The Waldorf Hotel story took an unusual twist today with a revelation that the entertainment-company leaseholder, Waldorf Productions Inc., contacted developers last year to get housing built on the property.
The building owner, Marko Puharich, told the Georgia Straight by phone that he received an email on August 15 from Ernesto Gomez, a partner in Waldorf Productions Inc.
Gomez informed his landlord that he has "begun working with a very important and connected architect and urban planner who has done lots of research in City Hall both in the planning department and the administration".
According to Puharich, Gomez also stated in the email that this architect and urban planner was looking into "our idea to make your block a mix of residential, affordable housing, mixed artist–live work, industrial studios, and commercial-retail on your land. The city has had a very positive reaction to our ideas."
Puharich then read out the next two sentences written by Gomez: "Furthermore, through him we have been meeting with one of the biggest developers in the country and they like our ideas and are very interested in moving forward and potentially making a proposal to you. These people are real heavyweights and have done a lot of innovative and famous projects. They believe they can get the zoning changed to accommodate this change of use."
Today, a large crowd showed up at the hotel to show their support for Waldorf Productions.
Waldorf Productions will leave at the end of the week
The entertainment company has announced that it will vacate the 63-year-old hotel on January 20 because the East Hastings Street property has been sold to the Solterra Group of Companies, which develops condos.
There was a distinctly antidevelopment mood among many in the audience. As the Carnival Band entertained people near food carts, the frontman, Ross Barrett, declared that many Vancouver buildings "are made of cardboard and chalk and particleboard".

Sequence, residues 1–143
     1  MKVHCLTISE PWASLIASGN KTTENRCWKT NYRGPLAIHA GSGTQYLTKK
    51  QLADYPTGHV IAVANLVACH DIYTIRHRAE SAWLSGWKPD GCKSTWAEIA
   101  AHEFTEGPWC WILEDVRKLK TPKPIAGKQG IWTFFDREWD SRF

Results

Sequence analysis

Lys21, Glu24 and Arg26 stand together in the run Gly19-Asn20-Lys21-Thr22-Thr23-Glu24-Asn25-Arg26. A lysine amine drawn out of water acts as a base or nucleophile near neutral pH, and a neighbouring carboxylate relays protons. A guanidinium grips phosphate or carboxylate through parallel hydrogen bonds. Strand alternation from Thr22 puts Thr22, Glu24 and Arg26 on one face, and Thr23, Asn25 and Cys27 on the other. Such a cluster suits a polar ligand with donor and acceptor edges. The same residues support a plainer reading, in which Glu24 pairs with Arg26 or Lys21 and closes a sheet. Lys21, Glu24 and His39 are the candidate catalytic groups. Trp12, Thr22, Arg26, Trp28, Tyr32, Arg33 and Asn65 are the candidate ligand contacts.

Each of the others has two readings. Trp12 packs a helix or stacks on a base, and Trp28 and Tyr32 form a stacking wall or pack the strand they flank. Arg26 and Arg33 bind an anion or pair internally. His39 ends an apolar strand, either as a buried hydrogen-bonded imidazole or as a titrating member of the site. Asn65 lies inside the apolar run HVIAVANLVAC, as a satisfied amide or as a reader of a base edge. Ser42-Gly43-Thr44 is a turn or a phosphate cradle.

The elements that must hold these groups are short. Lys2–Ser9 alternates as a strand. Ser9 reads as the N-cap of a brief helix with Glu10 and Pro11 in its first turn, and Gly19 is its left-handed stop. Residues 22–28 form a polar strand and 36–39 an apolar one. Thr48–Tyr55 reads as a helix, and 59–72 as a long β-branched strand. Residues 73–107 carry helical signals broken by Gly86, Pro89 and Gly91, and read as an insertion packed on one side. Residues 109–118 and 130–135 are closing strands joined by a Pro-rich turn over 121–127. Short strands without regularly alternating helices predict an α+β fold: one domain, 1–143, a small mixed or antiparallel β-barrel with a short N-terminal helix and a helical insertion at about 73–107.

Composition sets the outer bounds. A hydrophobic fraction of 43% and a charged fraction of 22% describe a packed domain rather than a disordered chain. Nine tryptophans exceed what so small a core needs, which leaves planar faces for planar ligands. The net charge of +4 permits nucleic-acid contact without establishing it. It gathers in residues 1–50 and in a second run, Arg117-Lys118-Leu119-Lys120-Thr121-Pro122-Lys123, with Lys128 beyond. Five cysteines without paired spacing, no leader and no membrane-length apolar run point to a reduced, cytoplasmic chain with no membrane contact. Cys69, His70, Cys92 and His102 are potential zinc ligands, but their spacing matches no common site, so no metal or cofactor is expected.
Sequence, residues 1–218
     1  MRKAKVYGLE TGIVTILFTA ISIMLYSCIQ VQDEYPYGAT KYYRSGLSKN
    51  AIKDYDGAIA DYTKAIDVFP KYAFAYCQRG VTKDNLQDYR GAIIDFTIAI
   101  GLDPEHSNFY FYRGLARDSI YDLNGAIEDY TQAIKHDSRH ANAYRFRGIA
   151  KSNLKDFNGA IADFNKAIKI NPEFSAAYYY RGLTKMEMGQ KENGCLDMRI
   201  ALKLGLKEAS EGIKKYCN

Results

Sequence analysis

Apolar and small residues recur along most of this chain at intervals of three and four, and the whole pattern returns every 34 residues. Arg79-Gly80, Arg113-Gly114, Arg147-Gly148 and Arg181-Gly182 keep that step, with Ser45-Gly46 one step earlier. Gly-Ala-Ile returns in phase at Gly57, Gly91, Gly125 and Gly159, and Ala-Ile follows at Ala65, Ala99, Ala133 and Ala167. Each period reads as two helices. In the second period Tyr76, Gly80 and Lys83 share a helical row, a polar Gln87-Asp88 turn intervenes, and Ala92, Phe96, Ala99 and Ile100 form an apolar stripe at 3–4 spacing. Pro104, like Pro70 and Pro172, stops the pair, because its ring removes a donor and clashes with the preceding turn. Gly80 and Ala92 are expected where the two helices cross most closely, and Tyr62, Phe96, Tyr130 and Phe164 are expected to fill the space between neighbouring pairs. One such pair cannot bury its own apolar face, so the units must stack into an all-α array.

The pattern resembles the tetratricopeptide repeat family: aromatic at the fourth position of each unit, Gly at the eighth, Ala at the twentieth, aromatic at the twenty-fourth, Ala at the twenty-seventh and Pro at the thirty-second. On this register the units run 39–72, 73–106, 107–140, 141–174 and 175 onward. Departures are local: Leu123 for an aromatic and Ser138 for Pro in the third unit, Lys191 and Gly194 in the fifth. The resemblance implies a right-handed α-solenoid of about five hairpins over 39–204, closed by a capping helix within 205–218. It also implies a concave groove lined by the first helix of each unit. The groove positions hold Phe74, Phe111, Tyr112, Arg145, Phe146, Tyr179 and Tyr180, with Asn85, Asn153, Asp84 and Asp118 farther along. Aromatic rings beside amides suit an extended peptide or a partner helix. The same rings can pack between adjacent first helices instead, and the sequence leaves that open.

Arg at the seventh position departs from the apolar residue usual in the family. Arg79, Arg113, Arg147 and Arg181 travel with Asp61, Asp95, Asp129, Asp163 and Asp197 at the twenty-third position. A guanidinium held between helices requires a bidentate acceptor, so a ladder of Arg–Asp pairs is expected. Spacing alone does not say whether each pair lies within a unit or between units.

Media coverage has focused on the possibility that after Solterra takes over the property later this year, the city may lose an important cultural venue.
Gomez readily acknowledged to the Straight that he contacted several developers and architects last year—including Westbank Projects, which built the Shangri-La Hotel, redeveloped Woodward's, and is proceeding with the Telus Garden project. The head of the company, Ian Gillespie, organized a fundraiser for Vision Vancouver before the 2011 municipal election.
"We had one meeting with Ian Gillespie," Gomez said. "One meeting with him, you know, and that was it. Then there were many other people. These are respectable people. These are people who do a good job in the community."
Gomez emphasized that in meeting developers and architects, his goal was to save the hotel and his entertainment business, plus facilitate the development of affordable housing for artists on the parking lot adjacent to the building. He said that he never met with anyone from Solterra.
He declared that he did this because every month, he hears good artists tell him that they can't afford to live in Vancouver anymore. So he took it upon himself to find someone who might develop housing that was inspired by what Waldorf Productions is doing inside the hotel.
"This talent that's leaving—this is the soul of our city," Gomez stated. "Our idea as socially responsible businesspeople was to find someone who would develop this property for that."